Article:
but Osun State government claimed that government was not

instructed to use the entire bailout to pay workers’ salaries.”

In Kwara State, Vanguard gathered that the government has not

paid staff in the parastatals in the state up to March, 2017 and

that the last time workers were paid was February 2017.

It was also learned that the local government workers are worse

off as they are being owed as many as 11 months, with the

exemption of Barutin Local Government which had paid up to

date because of its low personnel staff and the remote location.

Reacting to the development, Senior Special Assistant to

Governor Abdulfatah Ahmed of kwara State on Media and

Communications, Dr Muideen Akorede, told Vanguard that the

state government had paid workers in state parastatals , their


He said:  “We are up to date, so we are not owing any of our

staff. If anyone has not been paid, such staff will be paid before

the close of this week. Though I don’t have all the details, you

may please contact Commissioner for Finance, Demola Banu,

for more information.”

Vanguard checks, however, confirmed that staff of state-owned

Kwara TV; Herald Newspapers, Radio Kwara, were paid their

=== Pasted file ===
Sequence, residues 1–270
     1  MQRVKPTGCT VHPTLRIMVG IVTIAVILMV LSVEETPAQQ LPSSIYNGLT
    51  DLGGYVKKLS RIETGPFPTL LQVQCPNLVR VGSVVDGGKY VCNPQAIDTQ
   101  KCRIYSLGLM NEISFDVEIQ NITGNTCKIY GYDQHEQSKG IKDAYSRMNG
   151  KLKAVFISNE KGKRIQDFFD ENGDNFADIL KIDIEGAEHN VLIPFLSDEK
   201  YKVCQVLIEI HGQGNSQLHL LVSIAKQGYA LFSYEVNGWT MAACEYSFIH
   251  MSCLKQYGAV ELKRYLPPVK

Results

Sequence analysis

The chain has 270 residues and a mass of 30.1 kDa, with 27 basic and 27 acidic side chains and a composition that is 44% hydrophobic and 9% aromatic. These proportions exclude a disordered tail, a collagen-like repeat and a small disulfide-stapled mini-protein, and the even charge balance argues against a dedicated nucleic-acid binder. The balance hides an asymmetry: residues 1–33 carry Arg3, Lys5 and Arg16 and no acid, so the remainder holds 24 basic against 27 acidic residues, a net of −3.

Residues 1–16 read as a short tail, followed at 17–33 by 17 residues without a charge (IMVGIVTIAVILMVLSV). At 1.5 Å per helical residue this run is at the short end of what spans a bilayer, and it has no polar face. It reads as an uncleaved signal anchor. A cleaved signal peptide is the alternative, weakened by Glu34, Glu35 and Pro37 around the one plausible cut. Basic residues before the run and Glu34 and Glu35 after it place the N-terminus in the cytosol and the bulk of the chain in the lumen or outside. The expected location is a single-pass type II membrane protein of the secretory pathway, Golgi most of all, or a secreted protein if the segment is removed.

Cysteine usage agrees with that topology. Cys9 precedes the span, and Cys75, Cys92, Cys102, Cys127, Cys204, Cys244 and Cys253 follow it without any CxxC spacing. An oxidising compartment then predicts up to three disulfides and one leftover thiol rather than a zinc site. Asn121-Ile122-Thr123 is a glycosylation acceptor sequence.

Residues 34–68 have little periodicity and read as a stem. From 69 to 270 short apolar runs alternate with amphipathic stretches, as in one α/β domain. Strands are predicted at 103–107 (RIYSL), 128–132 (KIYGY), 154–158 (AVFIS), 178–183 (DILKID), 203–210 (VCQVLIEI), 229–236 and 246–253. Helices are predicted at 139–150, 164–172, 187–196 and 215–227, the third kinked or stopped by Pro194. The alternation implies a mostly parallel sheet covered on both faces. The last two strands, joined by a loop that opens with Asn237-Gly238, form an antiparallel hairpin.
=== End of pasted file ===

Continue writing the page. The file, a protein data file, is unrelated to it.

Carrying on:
March salaries last week.

In Ondo State, Vanguard also gathered that the state government

was owing six month salaries- August to December 2016 and

January 2017, though the new governor, Rotimi Akeredolu paid

salaries of August, 2016 as well as February and March 2017.

in is reaction, Chief Press Secretary to the governor , Segun

Ajiboye, said the immediate past government owed workers six

months ( August 2016 to January 2017) salaries but noted that

the present administration under Rotimi Akeredolu, had paid

February and March 2017 to workers on assumption of office.

He added that during the Easter period, Governor Akeredolu also

paid the arrears of August 2016 to workers to celebrate the


In Oyo State, investigations revealed that none of the workers,

both at the core civil service and local government, had been

paid their salaries up to March 2017, while some of the workers

are yet to be paid since December, last year.

Similarly, in Kogi State, workers have not been paid for many

months, as the staff screening embarked upon by the state

government since March, last year, has continued to hinder